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Faculty Sandbox: A Real Tech Playground

New Resource Trains Faculty for 21st-Century Classroom

Faculty Sandbox

Mechanical engineering Prof. James Sherwood, left, tries his hand at the new Faculty Sandbox Lightboard as Senior Instructional Technologist Randy Tyndall looks on.

By Ed Brennen

The word “sandbox” may conjure up childhood memories of toy shovels and Tonka trucks, but in the computing world a “sandbox” is a secure environment in which developers can create and test new software.

That’s more in line with the university’s new Faculty Sandbox, which the Information Technology Office opened in October at O’Leary Library. Located in Room 324, the Sandbox is a place where faculty can learn about cutting-edge academic technology and explore ways to incorporate it into the classroom to enhance instruction.

“It’s a room we envision that faculty can come in, work on materials or explore new methods of teaching,” says Senior Instructional Technologist Randy Tyndall, who helped develop the Faculty Sandbox along with Michael Lucas, director of instructional technology support.

Accessible to all faculty members by keycard during library business hours, the Faculty Sandbox includes a standard teaching podium for training and recording on the Echo360 lecture capture platform, which is now available in more than half (92) of the classrooms on campus. An increasing number of faculty members are using the platform, especially those seeking to use the flipped classroom model, where students watch recorded lectures outside of class and participate in discussion or group projects in the classroom.


Faculty who want to learn how to edit or enhance their lecture recordings with Camtasia or Brainshark software can do so — alongside an IT mentor — on one of the Sandbox’s two multimedia computers (one Mac, one PC). The room is also equipped with videoconferencing technology for faculty who want to conduct live webinars.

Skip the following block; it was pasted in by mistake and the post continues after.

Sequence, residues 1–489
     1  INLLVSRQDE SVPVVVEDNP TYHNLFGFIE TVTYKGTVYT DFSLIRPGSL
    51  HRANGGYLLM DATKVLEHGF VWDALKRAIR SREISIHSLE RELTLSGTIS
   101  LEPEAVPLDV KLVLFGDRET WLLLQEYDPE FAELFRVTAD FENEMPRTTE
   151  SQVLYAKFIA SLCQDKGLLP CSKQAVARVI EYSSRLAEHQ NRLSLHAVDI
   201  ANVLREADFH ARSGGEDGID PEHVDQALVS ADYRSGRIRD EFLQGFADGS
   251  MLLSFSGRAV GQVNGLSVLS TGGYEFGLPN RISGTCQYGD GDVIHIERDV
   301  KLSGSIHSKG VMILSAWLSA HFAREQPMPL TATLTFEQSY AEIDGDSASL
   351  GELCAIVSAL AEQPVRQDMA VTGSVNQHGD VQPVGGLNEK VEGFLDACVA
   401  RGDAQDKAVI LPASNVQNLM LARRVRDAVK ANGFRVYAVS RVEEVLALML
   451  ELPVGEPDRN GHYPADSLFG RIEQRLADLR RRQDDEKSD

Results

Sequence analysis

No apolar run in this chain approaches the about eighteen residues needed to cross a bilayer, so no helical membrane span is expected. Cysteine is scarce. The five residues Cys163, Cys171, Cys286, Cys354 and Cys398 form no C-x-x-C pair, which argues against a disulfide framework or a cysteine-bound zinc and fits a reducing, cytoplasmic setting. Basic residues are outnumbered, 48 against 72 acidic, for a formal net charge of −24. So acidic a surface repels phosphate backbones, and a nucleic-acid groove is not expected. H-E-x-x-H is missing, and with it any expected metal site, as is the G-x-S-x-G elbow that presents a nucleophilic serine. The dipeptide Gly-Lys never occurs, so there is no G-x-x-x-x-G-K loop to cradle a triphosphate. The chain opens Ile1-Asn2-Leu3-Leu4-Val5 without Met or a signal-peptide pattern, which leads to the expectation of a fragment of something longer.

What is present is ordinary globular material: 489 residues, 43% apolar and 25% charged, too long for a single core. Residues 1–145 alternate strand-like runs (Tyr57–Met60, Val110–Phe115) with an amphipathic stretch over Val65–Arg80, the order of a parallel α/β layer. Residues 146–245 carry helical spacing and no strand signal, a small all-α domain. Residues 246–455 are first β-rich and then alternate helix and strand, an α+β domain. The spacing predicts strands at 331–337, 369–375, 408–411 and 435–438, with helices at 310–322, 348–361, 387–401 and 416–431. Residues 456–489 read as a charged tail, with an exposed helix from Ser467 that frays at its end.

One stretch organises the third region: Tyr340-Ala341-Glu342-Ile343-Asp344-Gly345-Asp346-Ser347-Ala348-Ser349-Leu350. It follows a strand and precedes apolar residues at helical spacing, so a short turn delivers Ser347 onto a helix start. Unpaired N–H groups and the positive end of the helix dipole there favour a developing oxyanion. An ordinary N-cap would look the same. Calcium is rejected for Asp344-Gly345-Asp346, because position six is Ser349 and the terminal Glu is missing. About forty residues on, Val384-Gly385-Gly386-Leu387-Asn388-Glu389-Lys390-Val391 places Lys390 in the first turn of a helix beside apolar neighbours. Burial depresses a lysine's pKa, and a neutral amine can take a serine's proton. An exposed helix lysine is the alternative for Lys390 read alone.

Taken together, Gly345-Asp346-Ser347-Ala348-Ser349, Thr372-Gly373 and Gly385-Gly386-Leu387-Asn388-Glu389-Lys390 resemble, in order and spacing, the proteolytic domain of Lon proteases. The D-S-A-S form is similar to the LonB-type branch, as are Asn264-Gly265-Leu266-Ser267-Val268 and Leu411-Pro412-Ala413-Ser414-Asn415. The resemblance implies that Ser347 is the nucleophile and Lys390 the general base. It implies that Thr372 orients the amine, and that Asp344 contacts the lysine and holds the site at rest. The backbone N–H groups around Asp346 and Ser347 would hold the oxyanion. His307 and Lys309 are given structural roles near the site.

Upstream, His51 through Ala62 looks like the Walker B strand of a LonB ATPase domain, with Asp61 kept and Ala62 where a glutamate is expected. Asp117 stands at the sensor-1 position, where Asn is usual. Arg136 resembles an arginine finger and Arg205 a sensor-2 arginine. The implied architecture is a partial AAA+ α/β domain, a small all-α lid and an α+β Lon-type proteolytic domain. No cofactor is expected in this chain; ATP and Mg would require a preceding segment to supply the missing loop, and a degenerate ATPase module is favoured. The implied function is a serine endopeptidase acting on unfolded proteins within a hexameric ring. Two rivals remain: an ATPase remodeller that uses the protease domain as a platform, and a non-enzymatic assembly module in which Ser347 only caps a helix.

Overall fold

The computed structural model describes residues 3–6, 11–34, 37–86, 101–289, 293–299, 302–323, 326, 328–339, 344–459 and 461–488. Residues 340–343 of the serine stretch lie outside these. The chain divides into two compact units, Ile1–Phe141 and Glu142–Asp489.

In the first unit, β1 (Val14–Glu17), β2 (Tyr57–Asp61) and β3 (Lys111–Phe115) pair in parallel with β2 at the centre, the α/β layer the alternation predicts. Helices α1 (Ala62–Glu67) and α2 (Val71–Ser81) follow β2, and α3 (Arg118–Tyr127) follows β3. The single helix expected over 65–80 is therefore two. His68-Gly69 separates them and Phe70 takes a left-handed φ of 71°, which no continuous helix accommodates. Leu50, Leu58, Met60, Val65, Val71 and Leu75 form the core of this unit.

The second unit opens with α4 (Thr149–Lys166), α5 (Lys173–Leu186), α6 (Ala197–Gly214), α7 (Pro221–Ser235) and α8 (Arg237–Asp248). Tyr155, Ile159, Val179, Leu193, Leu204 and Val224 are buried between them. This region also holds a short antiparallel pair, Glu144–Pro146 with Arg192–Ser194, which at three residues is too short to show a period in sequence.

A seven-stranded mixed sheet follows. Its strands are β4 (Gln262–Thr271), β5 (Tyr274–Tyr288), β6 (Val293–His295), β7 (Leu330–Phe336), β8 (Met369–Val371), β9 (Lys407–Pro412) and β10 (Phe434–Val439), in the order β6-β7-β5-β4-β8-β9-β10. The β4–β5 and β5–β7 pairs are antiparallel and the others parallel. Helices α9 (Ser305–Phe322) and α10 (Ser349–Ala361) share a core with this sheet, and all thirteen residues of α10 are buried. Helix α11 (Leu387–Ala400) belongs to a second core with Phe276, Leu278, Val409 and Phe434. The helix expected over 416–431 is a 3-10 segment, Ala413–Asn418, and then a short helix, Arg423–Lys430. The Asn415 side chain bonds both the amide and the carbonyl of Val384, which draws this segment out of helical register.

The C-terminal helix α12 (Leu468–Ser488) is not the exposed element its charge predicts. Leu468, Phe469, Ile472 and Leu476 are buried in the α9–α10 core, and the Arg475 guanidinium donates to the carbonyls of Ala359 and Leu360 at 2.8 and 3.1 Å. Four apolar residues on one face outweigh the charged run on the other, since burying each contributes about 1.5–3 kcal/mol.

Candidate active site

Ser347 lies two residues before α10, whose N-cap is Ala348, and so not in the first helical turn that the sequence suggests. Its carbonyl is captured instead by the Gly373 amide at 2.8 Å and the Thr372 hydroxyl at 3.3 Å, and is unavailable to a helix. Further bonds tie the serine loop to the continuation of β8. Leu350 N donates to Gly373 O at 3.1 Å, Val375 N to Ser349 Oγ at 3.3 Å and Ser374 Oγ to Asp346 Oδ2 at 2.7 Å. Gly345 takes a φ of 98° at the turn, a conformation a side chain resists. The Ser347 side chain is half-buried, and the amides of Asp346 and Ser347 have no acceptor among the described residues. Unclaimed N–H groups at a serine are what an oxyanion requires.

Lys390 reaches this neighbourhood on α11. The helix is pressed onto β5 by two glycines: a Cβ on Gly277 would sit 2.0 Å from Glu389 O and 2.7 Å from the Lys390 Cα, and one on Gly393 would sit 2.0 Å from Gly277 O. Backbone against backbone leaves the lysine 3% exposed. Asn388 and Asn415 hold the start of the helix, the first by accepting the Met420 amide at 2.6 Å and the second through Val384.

The Faculty Sandbox’s main attraction, however, is the custom-built Lightboard presentation system. Originally developed by Northwestern University Prof. Michael Peshkin, the Lightboard is a 4-foot-by-8-foot pane of glass with strips of white LEDs on the top and bottom that illuminate whatever the user writes in fluorescent marker. 

The real magic of the Lightboard, though, is in the camera software. Since the user looks at the camera through the glass while recording, whatever they write appears backward. The camera inverts the image so the viewer can read the writing and see the instructor’s face at the same time.

“It hasn’t been commercialized yet, so you can’t just go out and buy one. You have to have some MacGyvers on staff to build it,” says Lucas, who estimates that the Lightboard cost around $2,500 to assemble.

Mechanical engineering Prof. Chris Hansen, who has seen the Lightboard featured in online videos, calls it the “gold standard” of academic technology.

“People really say it enables their learning, and the fact that we have such a custom setup here on campus is really a big draw,” says Hansen, who toured the Faculty Sandbox during its Oct. 1 grand opening with fellow members of the Academic Technology Committee. “As a faculty member, it’s something I’m really going to benefit from.”

Faculty can also experiment with the SMART kapp interactive whiteboard, which electronically captures what’s written on the board and then syncs it with students’ iPhone or Android devices.

“Rather than have total integration in classrooms, we want to be able to have these in faculty’s hands and have them thinking about ways to use it,” says Lucas, who adds that the only other SMART kapp whiteboards currently on campus are in the new DifferenceMaker Innovation Hub. “We think it might work, but faculty members are the ones that are actually going to be working with it and interfacing with it, so we want their input.”

Lucas and his team also want to see what faculty think of Echo360’s new Active Learning Platform, a cloud-based system that incorporates lecture capture, learning analytics, content management and student engagement tools.  

“Students can open up the presentation during class, make notes, ask questions and get real-time response,” Lucas explains. “When they review they have all their notes specific to them on the recording.”

Clinical Assoc. Prof. Michelle Scribner-MacLean, who teaches in the Graduate School of Education, sees the Faculty Sandbox as an ideal space to prepare educators-to-be for what they may see in the classroom.

“They can walk into a school and say, ‘I’ve taught with a Lightboard or used a SMART board,'so it’s really exciting to give them that edge,” says Scribner-MacLean, who plans to use the Faculty Sandbox to produce her own short videos for an online class this spring.

Vice Provost for Undergraduate Education Charlotte Mandell, co-chair of the 2020 Transformational Education Committee, would like to see another Faculty Sandbox open on North Campus.

“It’s remarkable how quickly the technology changes,” says Mandell, who marveled at the eye-catching Lightboard during the opening tour. “The challenge is making sure faculty know how to use it.